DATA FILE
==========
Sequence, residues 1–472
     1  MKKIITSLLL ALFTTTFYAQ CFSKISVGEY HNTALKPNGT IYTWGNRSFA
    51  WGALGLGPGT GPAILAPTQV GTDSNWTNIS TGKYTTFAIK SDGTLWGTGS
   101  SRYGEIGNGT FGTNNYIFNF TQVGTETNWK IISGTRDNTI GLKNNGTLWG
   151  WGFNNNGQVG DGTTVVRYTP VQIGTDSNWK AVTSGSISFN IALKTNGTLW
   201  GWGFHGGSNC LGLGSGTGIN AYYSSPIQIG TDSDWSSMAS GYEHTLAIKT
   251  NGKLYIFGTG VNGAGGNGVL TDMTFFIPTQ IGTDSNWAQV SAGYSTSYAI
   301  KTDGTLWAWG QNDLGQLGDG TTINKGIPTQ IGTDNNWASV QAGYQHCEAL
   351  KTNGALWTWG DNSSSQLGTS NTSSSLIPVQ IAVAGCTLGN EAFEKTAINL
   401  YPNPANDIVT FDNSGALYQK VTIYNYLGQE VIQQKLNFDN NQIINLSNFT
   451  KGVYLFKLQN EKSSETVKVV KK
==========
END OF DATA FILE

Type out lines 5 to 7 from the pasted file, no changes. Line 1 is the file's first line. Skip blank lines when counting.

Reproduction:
   151  WGFNNNGQVG DGTTVVRYTP VQIGTDSNWK AVTSGSISFN IALKTNGTLW
   201  GWGFHGGSNC LGLGSGTGIN AYYSSPIQIG TDSDWSSMAS GYEHTLAIKT
   251  NGKLYIFGTG VNGAGGNGVL TDMTFFIPTQ IGTDSNWAQV SAGYSTSYAI